Tag Archives: excessive sleepiness

Why ‘good’ sleep is so important

UnknownIn today’s society we are expected to fit more and more into our lives. Yet this work-life balance struggle is causing many of us to trade in precious sleeping time to ensure we complete all the jobs expected of us. Sadly this is a ticking timebomb for our health.

Scientists now believe that if we sleep less than six hours a night and have disturbed sleep we stand a 48% greater chance of dying from heart disease and a 15 per cent greater chance of developing or dying from a stroke. So our ‘work hard, play hard’ society encourages us to sacrifice sleep to the detriment of our health.

More than 3.5million of us suffer from excessive sleepiness usually caused by poor sleep. Everyone has experienced the occasional night without sleep. It makes us feel tired and irritable the next day but won’t harm our health. After several sleepless nights however, the mental effects become more serious.

Brain fog, difficulty concentrating and inability to make decisions follow. Some people drop off during the day causing injuries at home, work and on the road. Long term lack of sleep affects our overall health. A recent Sleep Alliance Report showed how excessive sleepiness is damaging the health and economy of the nation. Sleep disorders are a major contributing factor to fatal road accidents, heart disease, strokes, lost productivity and the breakdown of marriages.

A recent Dutch study in the European Journal of Preventative Cardiology showed that good quality sleep can reduce 57% of heart related deaths each year. It looked at the risk of chronic disease in 14,000 people over a 12 year period and showed that poor sleep is as important a risk factor for Cardiovascular Disease as other lifestyle factors such as being overweight or smoking.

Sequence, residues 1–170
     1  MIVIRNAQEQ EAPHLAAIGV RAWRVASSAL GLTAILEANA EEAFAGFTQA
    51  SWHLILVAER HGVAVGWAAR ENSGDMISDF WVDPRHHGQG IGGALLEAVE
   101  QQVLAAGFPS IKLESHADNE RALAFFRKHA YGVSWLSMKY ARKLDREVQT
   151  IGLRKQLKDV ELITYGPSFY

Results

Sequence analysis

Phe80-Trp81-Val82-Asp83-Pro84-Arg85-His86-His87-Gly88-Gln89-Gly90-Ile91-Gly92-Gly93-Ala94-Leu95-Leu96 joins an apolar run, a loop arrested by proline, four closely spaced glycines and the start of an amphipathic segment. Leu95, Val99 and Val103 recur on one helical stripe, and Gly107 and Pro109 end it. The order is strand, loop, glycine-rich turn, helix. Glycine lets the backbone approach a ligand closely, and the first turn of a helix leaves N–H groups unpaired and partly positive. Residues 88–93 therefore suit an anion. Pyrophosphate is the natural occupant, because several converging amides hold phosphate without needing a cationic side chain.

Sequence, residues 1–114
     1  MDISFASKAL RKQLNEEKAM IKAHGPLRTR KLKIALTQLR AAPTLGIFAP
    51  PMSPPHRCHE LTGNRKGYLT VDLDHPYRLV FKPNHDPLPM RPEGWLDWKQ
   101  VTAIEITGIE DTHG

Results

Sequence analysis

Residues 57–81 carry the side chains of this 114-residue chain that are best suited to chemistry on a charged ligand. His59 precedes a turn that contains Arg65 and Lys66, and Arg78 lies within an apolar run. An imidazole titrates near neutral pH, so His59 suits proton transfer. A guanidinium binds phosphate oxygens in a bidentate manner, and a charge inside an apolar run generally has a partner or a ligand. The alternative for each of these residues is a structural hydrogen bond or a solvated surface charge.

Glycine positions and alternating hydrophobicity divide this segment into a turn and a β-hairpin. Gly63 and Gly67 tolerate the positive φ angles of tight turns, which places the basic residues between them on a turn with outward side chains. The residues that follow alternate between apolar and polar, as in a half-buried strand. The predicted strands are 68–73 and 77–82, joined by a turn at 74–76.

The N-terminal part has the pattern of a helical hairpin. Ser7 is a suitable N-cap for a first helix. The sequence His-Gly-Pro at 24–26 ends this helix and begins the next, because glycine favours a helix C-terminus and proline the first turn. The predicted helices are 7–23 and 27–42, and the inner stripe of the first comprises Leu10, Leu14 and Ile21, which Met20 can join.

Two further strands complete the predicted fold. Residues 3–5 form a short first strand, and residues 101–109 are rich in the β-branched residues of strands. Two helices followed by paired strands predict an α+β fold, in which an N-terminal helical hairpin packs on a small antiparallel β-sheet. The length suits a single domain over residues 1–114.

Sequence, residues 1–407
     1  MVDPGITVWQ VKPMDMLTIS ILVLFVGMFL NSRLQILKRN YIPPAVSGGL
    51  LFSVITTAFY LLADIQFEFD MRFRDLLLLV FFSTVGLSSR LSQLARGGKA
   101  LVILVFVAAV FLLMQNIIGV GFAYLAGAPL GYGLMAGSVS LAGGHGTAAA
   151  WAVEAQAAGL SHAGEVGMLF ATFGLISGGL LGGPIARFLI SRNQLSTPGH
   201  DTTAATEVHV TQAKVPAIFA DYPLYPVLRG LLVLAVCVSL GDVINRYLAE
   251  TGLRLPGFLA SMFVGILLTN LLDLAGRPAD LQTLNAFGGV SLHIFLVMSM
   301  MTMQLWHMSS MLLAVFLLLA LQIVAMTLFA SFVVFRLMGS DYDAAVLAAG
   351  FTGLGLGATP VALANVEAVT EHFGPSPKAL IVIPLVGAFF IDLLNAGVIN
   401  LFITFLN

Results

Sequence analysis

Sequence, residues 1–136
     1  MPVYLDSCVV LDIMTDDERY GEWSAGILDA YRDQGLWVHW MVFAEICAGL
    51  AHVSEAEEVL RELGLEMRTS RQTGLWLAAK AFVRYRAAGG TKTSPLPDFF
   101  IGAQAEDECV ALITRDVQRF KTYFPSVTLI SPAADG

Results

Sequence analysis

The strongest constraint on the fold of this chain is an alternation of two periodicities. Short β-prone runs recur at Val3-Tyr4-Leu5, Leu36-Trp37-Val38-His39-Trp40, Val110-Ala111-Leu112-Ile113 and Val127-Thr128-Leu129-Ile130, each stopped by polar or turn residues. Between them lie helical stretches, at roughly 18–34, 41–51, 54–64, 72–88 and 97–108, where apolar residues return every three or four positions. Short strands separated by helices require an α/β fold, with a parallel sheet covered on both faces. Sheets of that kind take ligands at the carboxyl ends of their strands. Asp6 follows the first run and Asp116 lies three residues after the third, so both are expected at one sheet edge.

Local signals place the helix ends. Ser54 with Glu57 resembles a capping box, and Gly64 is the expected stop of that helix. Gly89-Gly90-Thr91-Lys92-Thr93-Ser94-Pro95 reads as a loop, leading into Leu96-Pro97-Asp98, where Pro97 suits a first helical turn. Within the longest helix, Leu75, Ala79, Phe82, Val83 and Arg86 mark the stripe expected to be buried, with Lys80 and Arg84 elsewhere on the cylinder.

Over 3.5 million people in the UK suffer from excessive sleepiness but what’s the answer. If you have trouble sleeping your first port of call should be your GP who will be able to advise you about what you can do at home to help you sleep. This is known as good sleep hygiene and includes:

  • establishing fixed times for going to bed and waking up (try to avoid sleeping in after a poor night’s sleep)
  • trying to relax before going to bed
  • maintaining a comfortable sleeping environment (not too hot, cold, noisy or bright)
  • avoiding napping during the day
  • avoiding caffeine, nicotine and alcohol late at night
  • avoiding exercise within four hours of bedtime (although exercise in the middle of the day is beneficial)
  • avoiding eating a heavy meal late at night
  • avoiding watching or checking the clock throughout the night
  • only using the bedroom for sleeping and sex

Disturbed sleep may be caused by snoring with more than 3.5 million of us being regular snorers. Snoring occurs because of the vibration generated as air rushes past the tissues of the mouth, nose and throat. When most people think of snorers they picture an overweight, beer drinking bloke. Yet snoring is not confined to men. Older women and children also snore. In fact after the menopause women catch up with their male counterparts.

Snoring can be caused by a number of factors. Being overweight often means you have extra fat around the throat which can stop air flowing smoothly. Sleeping on the back causes the tongue to fall back into the throat narrowing the airway. Colds and allergies can also trigger snoring as sufferers end up breathing through the mouth. Drinking too much alcohol or taking sleeping tablets at night can cause the throat muscles to relax.

‘People with respiratory disorders such as asthma or Chronic Obstructive Pulmonary Disorder (COPD) are also more prone to snoring’ says Dr Matthew Hind who runs the Sleep Clinic at the Royal Brompton Hospital, London. Lifestyle changes such as losing weight can sometimes improve the problem. There are also a range of anti-snoring devices such as mouth guards and nasal strips which can help prevent snoring.

The health consequences of snoring can be serious. Around 6-7 per cent of men and 3-4 per cent of women have obstructive sleep apnoea (OSA) where they repeatedly, stop breathing at night (see above). As well as daytime sleepiness and concentration problems, the condition is linked to a raised risk of high blood pressure, heart disease and type 2 diabetes.

‘We have to stop treating snoring as a bit of a joke. Snoring can affect all aspects of life if left untreated. It can cause excessive tiredness, poor concentration and relationship problems’ explains Dr Hind.

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